Traders in US cheese futures now hold contracts worth 64m pounds of block cheddar, a sharp increase from the start of the year, with companies racing to lock in supplies in anticipation of accelerating demand as the American economy reopens from coronavirus lockdowns.
Outstanding volumes in the Chicago Mercantile Exchange’s block cheese futures market has soared to 3,200 contracts, up from 469 at the start of this year and the highest level since the futures were launched in January 2020.
The jolt of trading activity comes after a stronger than expected recovery in US restaurant sales as well as expectations of continued robust demand from households ahead of the American grilling season.
Prices for the 20,000 pound blocks of cheese for June delivery have eased to around $1.87 a pound from highs of almost $2 earlier this month. But some buyers are moving to secure supplies for later in the year in case prices begin rising as the American economy heats up, said Nate Donnay, director of dairy market insight at commodity brokers Stone X.
The CME added block cheese futures to its range of cheese contracts last year, but they drew in very little open interest until the last couple of months. Compared to actively traded commodities like oil and corn, cheese contracts are dominated by specialist companies and traders, and do not attract many speculators.
But heightened volatility over the past few years in the main cheese contract, which represents the price of block and barrel cheese, has pushed hedging activity in to the block futures, analysts say, just at a time when the US reopening is likely to pump up demand.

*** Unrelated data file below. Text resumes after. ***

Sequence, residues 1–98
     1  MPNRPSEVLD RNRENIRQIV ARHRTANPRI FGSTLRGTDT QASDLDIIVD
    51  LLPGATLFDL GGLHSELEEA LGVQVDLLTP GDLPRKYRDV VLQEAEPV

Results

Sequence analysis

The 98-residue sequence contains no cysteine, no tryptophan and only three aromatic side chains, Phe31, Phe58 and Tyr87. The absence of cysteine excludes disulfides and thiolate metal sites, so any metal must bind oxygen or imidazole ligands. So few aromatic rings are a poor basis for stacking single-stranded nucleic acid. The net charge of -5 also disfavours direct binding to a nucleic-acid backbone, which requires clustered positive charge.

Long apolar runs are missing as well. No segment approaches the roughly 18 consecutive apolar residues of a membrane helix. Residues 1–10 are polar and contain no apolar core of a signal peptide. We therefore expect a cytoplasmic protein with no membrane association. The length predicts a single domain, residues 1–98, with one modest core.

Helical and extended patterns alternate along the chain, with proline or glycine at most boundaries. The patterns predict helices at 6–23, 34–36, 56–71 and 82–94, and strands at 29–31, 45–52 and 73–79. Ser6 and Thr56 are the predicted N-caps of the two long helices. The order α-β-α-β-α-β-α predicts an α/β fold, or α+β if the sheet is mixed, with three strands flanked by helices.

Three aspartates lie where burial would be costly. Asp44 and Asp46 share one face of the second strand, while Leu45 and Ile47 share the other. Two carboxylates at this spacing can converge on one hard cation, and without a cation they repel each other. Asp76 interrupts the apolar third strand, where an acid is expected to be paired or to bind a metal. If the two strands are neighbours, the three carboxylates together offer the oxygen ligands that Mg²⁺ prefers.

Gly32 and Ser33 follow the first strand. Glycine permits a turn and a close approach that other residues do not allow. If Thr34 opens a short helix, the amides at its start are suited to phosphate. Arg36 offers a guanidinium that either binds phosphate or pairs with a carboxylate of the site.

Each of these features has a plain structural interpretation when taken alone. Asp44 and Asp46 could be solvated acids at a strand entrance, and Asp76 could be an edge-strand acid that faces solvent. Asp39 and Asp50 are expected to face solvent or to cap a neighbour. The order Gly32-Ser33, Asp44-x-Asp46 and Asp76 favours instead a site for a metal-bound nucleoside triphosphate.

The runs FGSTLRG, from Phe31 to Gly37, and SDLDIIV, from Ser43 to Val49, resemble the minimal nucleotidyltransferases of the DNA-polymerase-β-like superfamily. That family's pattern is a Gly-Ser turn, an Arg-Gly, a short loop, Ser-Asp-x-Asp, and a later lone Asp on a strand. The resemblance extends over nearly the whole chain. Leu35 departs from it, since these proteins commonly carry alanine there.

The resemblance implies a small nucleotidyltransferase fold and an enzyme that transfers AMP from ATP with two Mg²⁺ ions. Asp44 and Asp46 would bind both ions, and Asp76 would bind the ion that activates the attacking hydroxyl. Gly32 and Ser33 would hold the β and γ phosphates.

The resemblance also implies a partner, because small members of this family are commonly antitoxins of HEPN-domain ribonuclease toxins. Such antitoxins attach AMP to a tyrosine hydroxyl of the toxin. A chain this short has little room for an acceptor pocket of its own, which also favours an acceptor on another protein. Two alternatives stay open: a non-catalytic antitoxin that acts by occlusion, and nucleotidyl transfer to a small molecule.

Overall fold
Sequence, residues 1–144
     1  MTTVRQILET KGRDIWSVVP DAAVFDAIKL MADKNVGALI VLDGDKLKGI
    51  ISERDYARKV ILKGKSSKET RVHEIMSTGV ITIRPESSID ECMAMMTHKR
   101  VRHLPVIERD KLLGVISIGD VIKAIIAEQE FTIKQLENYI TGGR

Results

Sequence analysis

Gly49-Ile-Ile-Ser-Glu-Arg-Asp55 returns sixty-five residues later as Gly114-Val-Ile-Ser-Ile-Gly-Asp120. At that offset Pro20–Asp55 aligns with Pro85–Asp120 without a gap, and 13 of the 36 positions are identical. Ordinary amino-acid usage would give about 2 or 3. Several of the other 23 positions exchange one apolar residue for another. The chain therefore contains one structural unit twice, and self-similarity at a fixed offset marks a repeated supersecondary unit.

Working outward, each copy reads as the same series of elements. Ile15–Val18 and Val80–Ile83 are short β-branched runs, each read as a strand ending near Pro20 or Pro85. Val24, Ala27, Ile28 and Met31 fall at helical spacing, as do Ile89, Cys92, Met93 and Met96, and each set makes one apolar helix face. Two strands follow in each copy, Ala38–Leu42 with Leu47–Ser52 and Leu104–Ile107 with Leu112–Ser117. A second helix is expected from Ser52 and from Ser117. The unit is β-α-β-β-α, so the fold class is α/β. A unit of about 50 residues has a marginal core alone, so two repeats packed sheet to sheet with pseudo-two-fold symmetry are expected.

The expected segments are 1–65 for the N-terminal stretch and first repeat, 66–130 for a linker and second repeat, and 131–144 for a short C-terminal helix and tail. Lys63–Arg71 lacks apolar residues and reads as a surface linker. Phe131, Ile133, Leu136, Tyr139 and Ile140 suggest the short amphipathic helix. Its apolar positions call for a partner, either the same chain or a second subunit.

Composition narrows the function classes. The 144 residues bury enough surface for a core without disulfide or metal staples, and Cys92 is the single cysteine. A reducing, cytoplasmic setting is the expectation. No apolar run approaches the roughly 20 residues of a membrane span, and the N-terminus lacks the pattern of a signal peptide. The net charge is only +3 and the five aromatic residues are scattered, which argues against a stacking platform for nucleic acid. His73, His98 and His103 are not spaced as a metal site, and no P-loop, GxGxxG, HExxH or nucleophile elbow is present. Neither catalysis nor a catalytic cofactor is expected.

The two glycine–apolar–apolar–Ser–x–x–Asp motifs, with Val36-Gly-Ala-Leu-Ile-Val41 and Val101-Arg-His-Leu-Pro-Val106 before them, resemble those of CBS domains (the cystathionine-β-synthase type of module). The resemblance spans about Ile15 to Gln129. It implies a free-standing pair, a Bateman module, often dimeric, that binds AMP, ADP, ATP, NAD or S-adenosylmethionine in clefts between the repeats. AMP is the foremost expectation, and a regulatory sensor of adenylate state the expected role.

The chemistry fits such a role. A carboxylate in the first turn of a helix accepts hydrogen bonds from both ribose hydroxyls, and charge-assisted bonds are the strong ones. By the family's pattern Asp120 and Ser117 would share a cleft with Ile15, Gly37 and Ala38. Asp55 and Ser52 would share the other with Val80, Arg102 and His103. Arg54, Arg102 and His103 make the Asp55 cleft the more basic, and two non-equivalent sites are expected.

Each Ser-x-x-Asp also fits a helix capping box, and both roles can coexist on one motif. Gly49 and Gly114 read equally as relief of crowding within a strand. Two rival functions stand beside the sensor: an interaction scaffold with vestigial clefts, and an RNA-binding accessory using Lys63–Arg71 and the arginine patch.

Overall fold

US natural cheese sales clocked in at $859m in March, 18 per cent higher than the same month in 2019, although down 21 per cent from last year at the start of the pandemic when shoppers rushed to stock up on food and household products, according to the International Dairy, Deli, Bakery Association.
During the pandemic, cheese consumption in the US remained steady. Full-service restaurants’ market share remained just below pre-pandemic levels, but cheese-heavy fast food restaurants, which include pizza and burger takeaways, were performing strongly, according to food service data firm Black Box Intelligence.
Other supporting factors for higher cheese prices are worries about lower milk production this year due to adverse weather and higher feed prices on the back of rising grain markets, said Mary Ledman, global dairy strategist at Rabobank.
That could tail off as pent-up restaurant demand leads people to eat out more. “Retail [sales] and government purchases should slow down later this year,” said Donnay.
With variability in storage and maturing times, it is harder for cheese suppliers to react to sudden shifts in demand and market expectations compared to other commodities.
Despite the rise in cheese production capacity earlier this year, prices have remained firm, reflecting a robustness of the cheese market, according to Ledman. “This has taken people by surprise,” she said.